The introduction of closed budgets for hospital pharmaceutical expenditure aimed at reining in the state budget but failed to meet real patient needs or support the added value of innovation. Delays in the implementation of healthcare reforms resulted in clawbacks, which have risen significantly since 2016, being extended until 2022. In fact, last year, the contribution of the pharma industry amounted to approximately 50% in the hospital hannel. The pharma industry thus operates in an unpredictable environment that challenges its viability. Unfortunately, spending on pharmaceuticals will remain a relatively easy target for rationalizing healthcare costs. With governments likely to continue to apply pressure on pharma spending, patient access to new treatments may be impacted.
There is no one size fits all solution for the pharma budget; change cannot be driven by horizontal measures
but by more holistic healthcare reforms. Hastening the implementation of HTA assessments and
therapeutic protocols, reviewing the role of generics and biosimilars, deducting clinical trial investments from clawback, and increasing the spending cap at a more realistic level could optimize the pharma budget
in the right direction.
There is an overarching goal for all stakeholders around healthcare to ensure patient access, and that should be everyone’s vision in the decisionmaking process.
Health Care Policy in Greece: From Noise to Signal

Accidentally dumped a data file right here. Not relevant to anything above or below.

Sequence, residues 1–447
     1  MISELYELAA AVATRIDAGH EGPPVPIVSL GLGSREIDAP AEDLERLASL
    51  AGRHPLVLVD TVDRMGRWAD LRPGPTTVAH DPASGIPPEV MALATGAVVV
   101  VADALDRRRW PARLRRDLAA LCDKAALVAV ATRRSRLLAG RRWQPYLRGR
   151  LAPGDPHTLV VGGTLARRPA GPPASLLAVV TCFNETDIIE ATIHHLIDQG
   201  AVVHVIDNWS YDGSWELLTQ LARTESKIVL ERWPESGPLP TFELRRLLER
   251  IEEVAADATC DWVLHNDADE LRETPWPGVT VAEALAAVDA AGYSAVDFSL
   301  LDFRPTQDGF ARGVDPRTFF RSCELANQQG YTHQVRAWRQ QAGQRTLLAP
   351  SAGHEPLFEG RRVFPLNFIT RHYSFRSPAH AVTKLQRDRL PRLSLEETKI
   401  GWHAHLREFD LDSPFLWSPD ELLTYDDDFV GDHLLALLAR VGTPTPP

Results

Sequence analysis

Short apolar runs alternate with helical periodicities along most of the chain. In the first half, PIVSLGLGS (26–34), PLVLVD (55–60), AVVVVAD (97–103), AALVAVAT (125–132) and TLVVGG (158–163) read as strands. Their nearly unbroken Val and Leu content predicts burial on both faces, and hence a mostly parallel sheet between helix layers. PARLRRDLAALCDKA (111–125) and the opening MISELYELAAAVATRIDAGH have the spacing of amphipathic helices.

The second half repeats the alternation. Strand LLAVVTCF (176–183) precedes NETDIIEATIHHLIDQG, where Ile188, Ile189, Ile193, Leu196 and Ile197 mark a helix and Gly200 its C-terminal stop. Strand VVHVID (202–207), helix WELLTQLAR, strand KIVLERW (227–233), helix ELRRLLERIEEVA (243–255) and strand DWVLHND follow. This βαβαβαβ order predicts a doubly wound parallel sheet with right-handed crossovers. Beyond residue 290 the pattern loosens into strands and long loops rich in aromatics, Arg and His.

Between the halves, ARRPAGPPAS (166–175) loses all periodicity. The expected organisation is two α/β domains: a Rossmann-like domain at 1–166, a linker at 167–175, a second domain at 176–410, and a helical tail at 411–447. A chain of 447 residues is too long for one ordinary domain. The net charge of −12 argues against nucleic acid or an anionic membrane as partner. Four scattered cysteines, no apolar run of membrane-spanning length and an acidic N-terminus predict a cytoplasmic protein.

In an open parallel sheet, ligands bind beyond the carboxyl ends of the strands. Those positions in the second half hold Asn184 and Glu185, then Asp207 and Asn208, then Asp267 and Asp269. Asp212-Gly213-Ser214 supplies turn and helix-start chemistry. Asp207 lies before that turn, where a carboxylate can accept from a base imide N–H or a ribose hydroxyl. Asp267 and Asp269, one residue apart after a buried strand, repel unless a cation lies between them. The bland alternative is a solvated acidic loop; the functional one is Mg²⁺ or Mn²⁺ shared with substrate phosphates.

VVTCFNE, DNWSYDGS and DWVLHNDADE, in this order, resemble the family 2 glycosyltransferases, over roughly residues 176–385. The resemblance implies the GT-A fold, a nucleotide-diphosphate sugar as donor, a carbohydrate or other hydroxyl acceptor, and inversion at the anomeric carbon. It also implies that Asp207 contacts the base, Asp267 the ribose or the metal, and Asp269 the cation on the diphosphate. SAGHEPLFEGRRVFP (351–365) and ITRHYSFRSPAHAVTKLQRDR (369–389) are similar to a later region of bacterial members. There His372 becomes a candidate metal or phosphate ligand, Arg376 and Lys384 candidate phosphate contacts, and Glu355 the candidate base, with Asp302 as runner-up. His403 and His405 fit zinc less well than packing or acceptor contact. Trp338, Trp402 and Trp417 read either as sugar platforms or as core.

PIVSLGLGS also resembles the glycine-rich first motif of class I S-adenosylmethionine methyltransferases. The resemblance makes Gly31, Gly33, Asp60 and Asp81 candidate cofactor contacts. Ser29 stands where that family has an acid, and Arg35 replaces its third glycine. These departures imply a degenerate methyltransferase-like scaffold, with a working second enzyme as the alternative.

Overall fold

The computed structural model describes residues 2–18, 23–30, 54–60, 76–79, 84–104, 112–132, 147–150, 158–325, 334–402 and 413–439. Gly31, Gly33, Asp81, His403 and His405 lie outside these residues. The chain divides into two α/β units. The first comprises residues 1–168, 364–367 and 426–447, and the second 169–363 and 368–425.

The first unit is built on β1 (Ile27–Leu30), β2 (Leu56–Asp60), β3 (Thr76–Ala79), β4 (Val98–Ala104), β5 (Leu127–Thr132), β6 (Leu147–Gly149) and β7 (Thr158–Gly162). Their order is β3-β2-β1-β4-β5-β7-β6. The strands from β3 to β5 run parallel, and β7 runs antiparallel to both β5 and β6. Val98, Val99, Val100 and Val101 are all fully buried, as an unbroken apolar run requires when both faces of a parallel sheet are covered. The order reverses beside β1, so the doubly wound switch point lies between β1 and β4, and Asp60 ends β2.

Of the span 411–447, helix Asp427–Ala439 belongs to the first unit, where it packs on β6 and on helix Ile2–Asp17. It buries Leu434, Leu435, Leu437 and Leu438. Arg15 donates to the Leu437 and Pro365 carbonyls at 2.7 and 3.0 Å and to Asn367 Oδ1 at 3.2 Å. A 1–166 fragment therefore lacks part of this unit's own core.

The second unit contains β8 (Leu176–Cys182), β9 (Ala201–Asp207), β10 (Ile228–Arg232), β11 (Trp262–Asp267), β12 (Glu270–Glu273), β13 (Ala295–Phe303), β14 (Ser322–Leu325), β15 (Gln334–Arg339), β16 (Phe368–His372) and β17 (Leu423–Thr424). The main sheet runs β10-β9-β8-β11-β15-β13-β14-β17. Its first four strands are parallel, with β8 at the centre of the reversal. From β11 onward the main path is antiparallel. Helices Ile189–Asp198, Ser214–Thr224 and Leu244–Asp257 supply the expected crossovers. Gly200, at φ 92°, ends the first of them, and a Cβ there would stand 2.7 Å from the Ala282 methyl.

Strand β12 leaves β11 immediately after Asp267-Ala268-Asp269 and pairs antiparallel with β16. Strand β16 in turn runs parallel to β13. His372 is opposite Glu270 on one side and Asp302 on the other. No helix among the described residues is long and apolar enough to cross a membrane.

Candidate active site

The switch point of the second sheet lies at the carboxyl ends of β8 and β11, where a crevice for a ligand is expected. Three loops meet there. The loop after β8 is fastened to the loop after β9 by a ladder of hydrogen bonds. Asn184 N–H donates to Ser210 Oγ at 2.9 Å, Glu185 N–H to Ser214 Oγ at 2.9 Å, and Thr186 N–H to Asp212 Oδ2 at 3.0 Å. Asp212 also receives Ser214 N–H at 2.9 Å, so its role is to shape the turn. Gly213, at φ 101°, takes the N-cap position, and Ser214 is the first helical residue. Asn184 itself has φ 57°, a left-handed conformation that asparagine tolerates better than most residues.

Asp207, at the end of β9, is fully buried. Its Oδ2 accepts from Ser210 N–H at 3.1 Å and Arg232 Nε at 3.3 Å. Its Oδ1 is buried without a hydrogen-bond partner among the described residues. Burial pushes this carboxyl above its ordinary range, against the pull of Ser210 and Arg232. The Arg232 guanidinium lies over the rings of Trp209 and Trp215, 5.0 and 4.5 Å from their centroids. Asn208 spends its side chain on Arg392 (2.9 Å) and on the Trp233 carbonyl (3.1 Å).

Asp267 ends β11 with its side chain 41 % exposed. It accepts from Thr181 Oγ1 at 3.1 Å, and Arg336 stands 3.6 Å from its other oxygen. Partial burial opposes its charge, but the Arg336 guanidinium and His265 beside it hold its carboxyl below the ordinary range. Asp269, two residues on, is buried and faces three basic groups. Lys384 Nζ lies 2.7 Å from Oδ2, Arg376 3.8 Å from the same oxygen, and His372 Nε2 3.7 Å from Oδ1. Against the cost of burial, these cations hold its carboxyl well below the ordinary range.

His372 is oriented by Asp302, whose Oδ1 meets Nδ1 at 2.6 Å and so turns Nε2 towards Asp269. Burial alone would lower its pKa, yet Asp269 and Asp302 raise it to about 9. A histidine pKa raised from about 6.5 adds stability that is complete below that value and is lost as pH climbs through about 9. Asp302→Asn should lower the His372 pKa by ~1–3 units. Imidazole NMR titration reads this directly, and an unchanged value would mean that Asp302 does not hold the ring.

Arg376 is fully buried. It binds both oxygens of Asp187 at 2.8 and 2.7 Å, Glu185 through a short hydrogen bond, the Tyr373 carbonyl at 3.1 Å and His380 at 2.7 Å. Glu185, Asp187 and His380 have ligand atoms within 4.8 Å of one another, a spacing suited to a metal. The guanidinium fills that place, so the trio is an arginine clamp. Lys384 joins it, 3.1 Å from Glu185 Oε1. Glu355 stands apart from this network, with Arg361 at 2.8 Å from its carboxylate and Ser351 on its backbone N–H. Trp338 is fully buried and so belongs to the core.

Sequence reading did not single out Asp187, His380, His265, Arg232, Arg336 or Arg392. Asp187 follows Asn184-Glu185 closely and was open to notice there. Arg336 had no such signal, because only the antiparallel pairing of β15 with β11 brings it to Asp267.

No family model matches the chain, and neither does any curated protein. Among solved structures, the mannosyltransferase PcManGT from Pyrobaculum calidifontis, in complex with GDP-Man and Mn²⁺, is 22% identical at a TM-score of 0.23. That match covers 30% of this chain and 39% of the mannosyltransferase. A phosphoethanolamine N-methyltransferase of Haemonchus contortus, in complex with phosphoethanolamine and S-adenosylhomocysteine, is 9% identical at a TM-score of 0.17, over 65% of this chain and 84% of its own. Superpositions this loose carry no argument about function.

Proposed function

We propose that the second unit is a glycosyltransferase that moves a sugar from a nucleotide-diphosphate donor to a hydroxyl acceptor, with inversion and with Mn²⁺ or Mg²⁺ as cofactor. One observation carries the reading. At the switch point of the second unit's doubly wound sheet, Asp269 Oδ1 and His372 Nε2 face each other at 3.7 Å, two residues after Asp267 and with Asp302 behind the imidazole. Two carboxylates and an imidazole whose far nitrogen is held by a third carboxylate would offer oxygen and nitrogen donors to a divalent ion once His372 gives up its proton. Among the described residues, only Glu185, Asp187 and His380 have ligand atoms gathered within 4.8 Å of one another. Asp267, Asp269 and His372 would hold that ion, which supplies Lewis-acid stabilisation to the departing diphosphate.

By Savas Charalampidis, General Manager Greece and Cyprus, Gilead Sciences
Pharmaceutical expenditure has had its share of noise in Greece over the past decade. From cuts to increasing patient co-payments and shifting expenditure to the pharma industry through clawbacks and rebates, we have deflated our investment and maintained it below the €2 billion threshold mandated by our creditors. Yet this shift of burden (and responsibility) has run its course. It can no longer accommodate the innovation that allows us to go beyond what we thought was possible in terms of treatment outcomes.
We need to signal a change. The market is made up of two large segments: an innovator segment (products
protected by patents and priced to reflect their innovation) and an unprotected segment (off-patent and generic products offered at competitive prices). Across the world, increasing the share of the unprotected market creates the necessary fiscal space to accommodate investment in innovation, in a framework of monitored care provision facilitated by technology (e.g. prescription monitoring systems, therapeutic protocols). In Greece, we go our own way: We punish innovation through draconian entry barriers and hold a protective (price) shield over the unprotected market, which, as reported by IQVIA1, is the second most expensive market in the EU. How does this improve health and save lives? Why do we invest in pharmaceutical care if not for longer and better lives?